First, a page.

In the TED Talk “How to Spot a Liar”, Pamela Meyer discusses why people lie, how often they do, and how to spot it. Lie spotters are not those who, as she puts it, play a game of Gotcha, but instead those who use scientific knowledge to spot deception and have difficult conversations, and those who accept that lying is a cooperative act. She explains that many lies are simply white lies, but some can cause heavy damages, such as corporate fraud, which cost 997 billion dollars in just the United States in 2011. She explains that the reason people are deceived so often is that they are hungry for something, which deception can provide to them. It can be used to fill the gaps in people’s lives.
Lying is extremely prevalent in society, and studies show that one person is lied to anywhere from 10 to 200 times a day. Lying is as complex and old as time, and it is deeply woven into our society. She states that while people dislike lying, they are also covertly for it as it is embedded into our culture and history. Another reason people lie is that is has evolutionary value, as researchers have shown that the more intelligent the species, the more likely it is to lie. Lying is hardwired into people’s brains, starting when they are just babies. Nonetheless, there are steps that can be taken to navigate all the lying taking place everywhere.
All liars use the same techniques and make the same mistakes, so there are patterns of deception that can be found. Some verbal indicators include non-contracted denials, distancing language, qualifying language, and lowering their vocal tone. Liars can also be spotted using body language. Some examples of common body language of liars include frozen upper bodies, smiling a fake smile, shrugging, shaking their head, pointing their feet towards an exit, and putting a barrier object between the interviewer and themselves. However, she states that liars look people in the eyes too much to compensate for the myth that they don’t, but later states that a deceptive person may look down when she is talking about how a typical deceptive might act. She also says that one of the most important but overlooked parts of spotting deception is attitude. Honest people are more likely to show they are on the side the person interviewing them, to be enthusiastic, to be helpful, and to recommend strict punishment.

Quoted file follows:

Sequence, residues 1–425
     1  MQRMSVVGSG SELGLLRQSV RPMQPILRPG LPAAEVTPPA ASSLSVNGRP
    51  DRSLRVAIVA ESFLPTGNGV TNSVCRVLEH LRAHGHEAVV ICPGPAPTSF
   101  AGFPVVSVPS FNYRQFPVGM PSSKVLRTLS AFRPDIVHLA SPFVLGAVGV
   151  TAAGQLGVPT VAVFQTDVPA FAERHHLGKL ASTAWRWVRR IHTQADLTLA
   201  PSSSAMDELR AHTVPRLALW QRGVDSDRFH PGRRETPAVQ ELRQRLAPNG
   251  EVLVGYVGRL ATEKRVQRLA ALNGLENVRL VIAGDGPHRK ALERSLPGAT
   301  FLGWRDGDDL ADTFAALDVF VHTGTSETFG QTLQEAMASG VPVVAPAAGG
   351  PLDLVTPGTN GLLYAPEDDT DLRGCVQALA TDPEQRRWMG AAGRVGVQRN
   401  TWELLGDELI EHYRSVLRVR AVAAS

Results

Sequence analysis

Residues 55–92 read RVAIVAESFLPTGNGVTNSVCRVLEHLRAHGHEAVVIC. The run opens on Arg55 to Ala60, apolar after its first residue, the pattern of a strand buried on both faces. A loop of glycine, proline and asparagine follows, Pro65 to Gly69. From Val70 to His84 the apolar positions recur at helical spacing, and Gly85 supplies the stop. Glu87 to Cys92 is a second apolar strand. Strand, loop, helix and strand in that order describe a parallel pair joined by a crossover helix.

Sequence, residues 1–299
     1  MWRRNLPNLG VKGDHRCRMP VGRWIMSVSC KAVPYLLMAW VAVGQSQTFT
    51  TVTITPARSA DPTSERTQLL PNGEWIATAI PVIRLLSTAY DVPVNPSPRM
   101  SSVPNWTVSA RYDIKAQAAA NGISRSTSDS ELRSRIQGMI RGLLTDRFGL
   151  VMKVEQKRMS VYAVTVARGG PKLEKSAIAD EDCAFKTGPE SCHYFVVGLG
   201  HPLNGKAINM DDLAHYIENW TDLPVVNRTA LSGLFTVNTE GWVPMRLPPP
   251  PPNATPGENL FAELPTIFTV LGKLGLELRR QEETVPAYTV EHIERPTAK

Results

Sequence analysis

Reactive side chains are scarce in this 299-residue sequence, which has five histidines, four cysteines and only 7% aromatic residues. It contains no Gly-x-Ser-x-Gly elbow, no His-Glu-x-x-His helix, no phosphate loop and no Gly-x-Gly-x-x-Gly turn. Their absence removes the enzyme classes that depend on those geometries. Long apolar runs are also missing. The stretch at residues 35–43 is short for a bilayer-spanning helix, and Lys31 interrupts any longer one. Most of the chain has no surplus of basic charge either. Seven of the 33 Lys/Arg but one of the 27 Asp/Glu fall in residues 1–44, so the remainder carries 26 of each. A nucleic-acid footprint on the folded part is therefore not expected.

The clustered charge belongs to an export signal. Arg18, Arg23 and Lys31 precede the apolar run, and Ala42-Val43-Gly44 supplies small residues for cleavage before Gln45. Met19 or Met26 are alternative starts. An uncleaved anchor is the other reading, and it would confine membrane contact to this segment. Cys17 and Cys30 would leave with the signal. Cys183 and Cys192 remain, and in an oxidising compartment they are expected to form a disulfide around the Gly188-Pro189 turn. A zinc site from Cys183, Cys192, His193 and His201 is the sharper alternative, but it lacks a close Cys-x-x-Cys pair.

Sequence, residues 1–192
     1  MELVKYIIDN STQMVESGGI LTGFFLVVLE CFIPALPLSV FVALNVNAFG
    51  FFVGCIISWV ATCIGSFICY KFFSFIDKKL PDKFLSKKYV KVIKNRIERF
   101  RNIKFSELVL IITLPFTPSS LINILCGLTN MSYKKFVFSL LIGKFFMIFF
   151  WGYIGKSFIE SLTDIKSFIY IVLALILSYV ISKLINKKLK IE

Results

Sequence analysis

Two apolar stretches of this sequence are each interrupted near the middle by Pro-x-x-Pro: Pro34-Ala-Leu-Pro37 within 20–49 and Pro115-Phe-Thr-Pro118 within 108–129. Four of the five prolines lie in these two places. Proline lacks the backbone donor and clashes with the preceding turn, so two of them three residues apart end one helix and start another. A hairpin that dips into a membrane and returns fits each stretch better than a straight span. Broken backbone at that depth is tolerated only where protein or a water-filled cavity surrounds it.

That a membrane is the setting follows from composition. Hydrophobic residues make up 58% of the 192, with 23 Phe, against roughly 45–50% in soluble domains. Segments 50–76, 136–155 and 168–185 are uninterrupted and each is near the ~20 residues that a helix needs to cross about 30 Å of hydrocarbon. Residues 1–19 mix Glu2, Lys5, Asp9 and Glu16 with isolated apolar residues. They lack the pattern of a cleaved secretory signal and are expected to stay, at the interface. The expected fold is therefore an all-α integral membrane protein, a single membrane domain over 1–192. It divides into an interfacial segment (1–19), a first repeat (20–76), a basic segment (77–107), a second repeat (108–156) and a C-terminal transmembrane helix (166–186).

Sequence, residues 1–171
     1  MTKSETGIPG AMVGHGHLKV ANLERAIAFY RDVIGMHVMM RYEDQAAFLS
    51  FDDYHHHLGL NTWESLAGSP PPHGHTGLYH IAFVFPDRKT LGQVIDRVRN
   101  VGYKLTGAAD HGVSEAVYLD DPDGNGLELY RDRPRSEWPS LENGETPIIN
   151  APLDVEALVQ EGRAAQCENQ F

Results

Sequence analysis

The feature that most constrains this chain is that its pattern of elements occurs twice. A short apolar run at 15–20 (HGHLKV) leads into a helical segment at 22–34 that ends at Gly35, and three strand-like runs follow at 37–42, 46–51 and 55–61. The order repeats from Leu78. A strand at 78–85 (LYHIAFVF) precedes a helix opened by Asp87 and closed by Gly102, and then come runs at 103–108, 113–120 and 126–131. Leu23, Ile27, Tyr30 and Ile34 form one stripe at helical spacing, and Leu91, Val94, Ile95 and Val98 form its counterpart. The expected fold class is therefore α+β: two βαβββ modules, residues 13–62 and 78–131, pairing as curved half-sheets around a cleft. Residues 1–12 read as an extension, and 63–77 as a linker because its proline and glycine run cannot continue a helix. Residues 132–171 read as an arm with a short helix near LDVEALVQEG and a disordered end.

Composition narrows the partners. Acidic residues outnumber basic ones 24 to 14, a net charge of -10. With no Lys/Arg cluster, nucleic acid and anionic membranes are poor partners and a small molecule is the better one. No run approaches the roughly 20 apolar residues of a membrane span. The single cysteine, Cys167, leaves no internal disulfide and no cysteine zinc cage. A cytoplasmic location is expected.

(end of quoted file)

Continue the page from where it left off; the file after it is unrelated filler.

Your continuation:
Deceptive people are more likely to be withdrawn and to add too much detail to their story. Deceptive people also often leak emotions, such as showing duping delight, sadness and contempt. However, these behaviors can just be random gestures people make; they generally only signal deception when there are many of them together. There is technology, such as eye trackers and brain scans, that can read the signals people’s bodies send out when they are trying to be deceptive; however, since they are not widespread, learning how to spot lies is still useful. All the oversharing and transparency presented to people by technology doesn’t lead to true honesty, but instead blinds people to subtleties of human character.
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